Staying informed & in control

For many couples a positive birth experience is all about staying in control. In particular taking control with medical staff. It's not about being awkward or working against the medical team supporting you. It is about understanding your rights and choices, what you & your partner both want from the birth experience, and maintaining control. 

Not all women going into labour in a hospital setting are informed or prepared. More often they are scared and in pain, caused by the fear, tension and adrenaline. Medical staff are used to dealing with women in this panicked state and sometimes the preferences and emotional state of the woman giving birth can be overlooked.

Of course we are incredibly lucky to have access to the medical care available to us and, when necessary, medical intervention saves lives. It is however important to understand that some intervention may be offered purely as a routine procedure, not because it is essential. It might not be the right option for you and your partner.

But how are you and your partner supposed to know what is an essential procedure and what is just routine protocol? How can you question a doctor/midwife with years of medical training and experience?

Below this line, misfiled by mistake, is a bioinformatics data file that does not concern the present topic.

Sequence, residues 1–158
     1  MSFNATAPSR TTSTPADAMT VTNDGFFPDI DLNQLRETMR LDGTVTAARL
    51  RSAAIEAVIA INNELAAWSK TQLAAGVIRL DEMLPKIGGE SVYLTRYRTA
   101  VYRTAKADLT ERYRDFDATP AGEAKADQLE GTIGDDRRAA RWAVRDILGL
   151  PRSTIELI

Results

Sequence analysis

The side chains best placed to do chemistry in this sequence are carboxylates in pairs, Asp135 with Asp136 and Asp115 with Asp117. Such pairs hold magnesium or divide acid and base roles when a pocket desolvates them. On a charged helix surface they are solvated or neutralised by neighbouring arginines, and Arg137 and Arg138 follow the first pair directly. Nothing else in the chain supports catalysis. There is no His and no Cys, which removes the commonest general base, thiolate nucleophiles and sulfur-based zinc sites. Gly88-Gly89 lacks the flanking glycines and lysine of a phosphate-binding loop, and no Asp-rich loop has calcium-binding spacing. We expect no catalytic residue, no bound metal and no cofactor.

The first question should always be:

"Is my baby or partner in danger?" 

If the answer is 'No' then you can ask for some time alone together, 30 mins or so, and then just see what happens. Sometimes being able to relax a little without anyone else there can be enough to get things moving along.

If the answer is 'Yes' or you keep being offered the same procedure then use your BRAIN. This is just a series of key factors to consider before making a decision.

Use your BRAINS

B - What are the benefits?

R - What are the risks?

A-  What are the alternatives?

I - What does your instinct tell you?

N - What happens if we do nothing? Is this a medical emergency?

S - Can we have some time and space to make an informed decision.

Click here for a printable version of BRAINS (ideal for your hospital bag).

Never be afraid to question the medical team. You are not questioning their knowledge or experience and it's important that you are making informed choices, rather than being pushed to make decisions that you don't feel sure about. It's not about refusing medical intervention for the sake of it, it's about making sure that you have all the information that you need to make the decision that is right for you, your partner and your baby.